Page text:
Tuesday, 29 May 2012

Cucumber: How to avoid major mistakes

Recently I came across several posts criticizing Cucumber and approach itself. Some of the links: and many others. Generally speaking the idea is that we should put off our pink sun glasses and look at the real world. Cucumber (and all it's analogs designed for other programming languages) is quite attractive solution providing the ability to write descriptive automated tests. But this attractiveness hides a myriad ways to "shoot your leg". And the more people use the approach of executable specifications the more people have bad experience. Why this happens? Key thing here is that each approach requires specific set of agreements as well as it always has some restrictions. BDD aproach itself is not an exception. So, before using it we should understand what the potential problems can be and where it is applicable at all. Most of failures related to BDD and Cucumber in particular are related to the fact that it was used in umproper way and at improper plase. At the same time there are some quite simple rules which can help to avoid essential part of the problems. Some of them are:
  1. Do not use it for white box unit testing - Main reason is that BDD makes an overhead in a form of extra resources (like feature files) and the code binding text instructions to the actual executable code. Another key factor here is that white box unit testing is done by developers for developers. It means that the ability to represent readable tests isn't advantage here as developers understand the code pretty well. All the above facts are multiplied by the fact that test development shouldn't take more time than development as the value the developer brings is reflected in the code under test rether then in tests covering that code. All those things make Cucumber not applicable for developers
  2. Make conventions for building test instructions - In many cases I encountered the situation when the same action was represented in many different forms with minimal differences. E.g. there were phrases like:
    When I click on Submit button
    When I click on Submit
    When I click on the Submit button
    When I click on the "Submit" button
    As you can see the meaning of the above strings is the same though for Cucumber they are different. Use common convention to follow in order to prevent such chaos. E.g. you can state that all control names must be quoted and preceeded with the article. Also you should identify what the control type is. In this case only last line is valid. Of course, initially it will require a lot of reviews and corrections but after some time it becomes a habit. It's actually the same as coding style. It good practice when all people write the code in the same fashion so any developer can read and understand the code of others. The same thing is here.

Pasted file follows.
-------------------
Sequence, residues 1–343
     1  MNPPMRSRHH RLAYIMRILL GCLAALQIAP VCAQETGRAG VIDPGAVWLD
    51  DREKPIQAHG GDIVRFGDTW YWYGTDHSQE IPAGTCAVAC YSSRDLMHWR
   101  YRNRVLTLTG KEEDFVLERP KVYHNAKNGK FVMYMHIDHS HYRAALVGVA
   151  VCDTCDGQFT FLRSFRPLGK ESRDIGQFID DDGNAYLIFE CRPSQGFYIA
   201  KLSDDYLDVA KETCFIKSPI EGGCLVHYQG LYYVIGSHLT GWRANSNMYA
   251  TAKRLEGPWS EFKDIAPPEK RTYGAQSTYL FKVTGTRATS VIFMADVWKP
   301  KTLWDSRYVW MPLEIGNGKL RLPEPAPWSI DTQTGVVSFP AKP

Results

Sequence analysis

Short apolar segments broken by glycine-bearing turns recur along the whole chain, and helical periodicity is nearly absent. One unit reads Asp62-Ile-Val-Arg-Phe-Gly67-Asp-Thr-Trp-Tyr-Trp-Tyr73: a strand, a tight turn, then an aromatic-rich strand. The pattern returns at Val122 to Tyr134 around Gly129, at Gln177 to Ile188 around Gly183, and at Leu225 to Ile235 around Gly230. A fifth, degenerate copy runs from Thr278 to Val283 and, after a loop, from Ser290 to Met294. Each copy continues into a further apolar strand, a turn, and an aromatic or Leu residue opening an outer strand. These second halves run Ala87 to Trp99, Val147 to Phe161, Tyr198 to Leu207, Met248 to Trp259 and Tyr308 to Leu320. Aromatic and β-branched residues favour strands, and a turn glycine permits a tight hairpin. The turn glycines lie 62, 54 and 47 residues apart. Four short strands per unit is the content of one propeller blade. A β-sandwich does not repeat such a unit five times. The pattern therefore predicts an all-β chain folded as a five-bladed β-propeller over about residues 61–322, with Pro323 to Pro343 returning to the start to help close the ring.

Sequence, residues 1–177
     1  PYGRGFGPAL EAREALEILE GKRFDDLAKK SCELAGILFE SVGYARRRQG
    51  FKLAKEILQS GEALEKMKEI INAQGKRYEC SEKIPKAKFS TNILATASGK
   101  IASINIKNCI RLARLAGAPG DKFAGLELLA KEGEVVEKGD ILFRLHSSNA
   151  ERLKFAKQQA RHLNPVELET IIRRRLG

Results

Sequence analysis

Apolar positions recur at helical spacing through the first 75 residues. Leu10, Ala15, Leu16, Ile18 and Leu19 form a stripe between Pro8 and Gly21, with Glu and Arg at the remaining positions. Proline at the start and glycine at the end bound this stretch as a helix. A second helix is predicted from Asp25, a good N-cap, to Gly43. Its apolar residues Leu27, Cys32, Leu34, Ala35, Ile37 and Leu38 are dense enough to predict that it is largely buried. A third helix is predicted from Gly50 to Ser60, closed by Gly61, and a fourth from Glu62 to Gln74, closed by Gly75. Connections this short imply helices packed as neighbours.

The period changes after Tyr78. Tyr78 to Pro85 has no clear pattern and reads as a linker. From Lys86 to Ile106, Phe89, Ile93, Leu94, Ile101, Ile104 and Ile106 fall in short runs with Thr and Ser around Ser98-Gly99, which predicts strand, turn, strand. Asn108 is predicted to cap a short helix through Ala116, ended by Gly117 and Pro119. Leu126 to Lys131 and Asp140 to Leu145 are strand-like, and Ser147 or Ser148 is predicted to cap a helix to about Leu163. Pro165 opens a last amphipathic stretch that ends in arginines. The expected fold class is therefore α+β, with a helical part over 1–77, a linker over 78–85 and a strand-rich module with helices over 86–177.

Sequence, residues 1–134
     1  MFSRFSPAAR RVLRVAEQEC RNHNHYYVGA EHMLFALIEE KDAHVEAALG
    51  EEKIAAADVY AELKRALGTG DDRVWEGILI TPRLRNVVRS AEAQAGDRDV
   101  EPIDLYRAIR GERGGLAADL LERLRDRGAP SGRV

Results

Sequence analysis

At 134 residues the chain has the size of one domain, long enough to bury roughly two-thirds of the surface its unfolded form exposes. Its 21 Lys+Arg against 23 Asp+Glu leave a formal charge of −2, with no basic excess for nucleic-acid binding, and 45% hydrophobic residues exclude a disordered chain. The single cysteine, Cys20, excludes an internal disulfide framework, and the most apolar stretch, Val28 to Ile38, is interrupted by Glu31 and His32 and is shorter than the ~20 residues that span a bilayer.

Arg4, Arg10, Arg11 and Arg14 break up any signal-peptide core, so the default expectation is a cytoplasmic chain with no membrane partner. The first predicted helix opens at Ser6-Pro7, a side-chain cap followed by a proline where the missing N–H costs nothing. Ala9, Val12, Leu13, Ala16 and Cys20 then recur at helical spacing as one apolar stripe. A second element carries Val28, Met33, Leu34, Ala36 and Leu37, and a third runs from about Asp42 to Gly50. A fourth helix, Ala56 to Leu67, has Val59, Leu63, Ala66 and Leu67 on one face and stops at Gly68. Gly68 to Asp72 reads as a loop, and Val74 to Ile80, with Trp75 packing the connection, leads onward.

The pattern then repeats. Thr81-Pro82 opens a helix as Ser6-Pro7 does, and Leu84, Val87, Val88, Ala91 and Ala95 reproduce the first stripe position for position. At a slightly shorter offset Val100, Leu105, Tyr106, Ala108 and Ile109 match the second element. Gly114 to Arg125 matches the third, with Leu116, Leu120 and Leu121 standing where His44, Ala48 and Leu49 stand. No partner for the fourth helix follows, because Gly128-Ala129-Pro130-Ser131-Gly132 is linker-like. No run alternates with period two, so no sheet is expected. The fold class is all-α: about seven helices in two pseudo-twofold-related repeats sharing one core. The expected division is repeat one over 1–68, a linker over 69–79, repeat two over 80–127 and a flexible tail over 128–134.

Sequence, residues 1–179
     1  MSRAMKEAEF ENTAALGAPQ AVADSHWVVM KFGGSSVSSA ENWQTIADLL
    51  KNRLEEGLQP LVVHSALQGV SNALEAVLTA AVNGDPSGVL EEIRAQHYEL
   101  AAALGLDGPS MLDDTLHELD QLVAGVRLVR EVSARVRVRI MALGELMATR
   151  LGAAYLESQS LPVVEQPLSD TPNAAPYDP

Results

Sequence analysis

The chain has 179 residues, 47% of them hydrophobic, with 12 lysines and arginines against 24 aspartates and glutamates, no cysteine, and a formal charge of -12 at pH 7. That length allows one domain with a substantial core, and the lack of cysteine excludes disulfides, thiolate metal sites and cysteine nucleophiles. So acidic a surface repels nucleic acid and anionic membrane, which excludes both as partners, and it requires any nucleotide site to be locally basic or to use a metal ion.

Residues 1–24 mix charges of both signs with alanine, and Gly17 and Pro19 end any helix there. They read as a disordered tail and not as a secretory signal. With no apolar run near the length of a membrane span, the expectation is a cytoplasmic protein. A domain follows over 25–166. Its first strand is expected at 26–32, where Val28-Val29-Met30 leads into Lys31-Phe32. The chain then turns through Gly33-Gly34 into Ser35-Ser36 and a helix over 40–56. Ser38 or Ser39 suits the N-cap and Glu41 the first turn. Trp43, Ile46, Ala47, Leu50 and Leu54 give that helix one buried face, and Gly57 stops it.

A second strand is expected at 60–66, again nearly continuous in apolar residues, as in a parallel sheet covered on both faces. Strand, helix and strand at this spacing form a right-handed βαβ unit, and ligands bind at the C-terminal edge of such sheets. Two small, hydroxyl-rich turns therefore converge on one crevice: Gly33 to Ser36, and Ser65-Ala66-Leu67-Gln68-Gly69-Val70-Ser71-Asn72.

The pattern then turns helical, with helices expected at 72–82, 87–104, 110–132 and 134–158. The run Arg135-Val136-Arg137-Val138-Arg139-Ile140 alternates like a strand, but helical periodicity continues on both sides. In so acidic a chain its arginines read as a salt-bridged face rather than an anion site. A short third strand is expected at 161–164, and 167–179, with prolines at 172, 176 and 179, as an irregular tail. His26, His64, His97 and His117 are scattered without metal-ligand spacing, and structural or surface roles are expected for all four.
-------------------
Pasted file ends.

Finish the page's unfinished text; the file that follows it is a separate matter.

3. Use proper level of detail - There are tests which verify some specific work flow checking all steps in detail. But also there are tests which just use that work flow but they are intereted in further checks affected by some other functionality. In this case we don't need to specify all details. Some general action description should be enough. E.g. we have test like:
    Given I'm on home page
    When I click on the "Orders" link
    Then I should see the "Orders" page is open
    When I click on the "Create" link
    Then I should see the "Create Order" page is open
    When I enter "Test" value into the "Order Name" field
    And click on the "Submit" button
    Then I should see the "Success" message appears
    and we have another test which requires several orders for further processing. The second test can use the following:
    When I create the "Test" order
    And I create the "Test1" order
    In this example we put instructions from the first test and wrapped them with the single instruction. Actually if we do the same with the code we just make a layer of re-usable functions which represent some domain layer. So, that would be done anyway. We just have to group that functionality properly. But the main idea is that if we don't care about how we do some actions but we just need the result then we can use more high-level instructions.
  4. Use parameters - key flexibility of Cucumber and all other similar engines is in ability to vary some part of instructions. Actually the code is bound to some text in feature files using regular expressions with back-linked variables. E.g. if we have instructions like: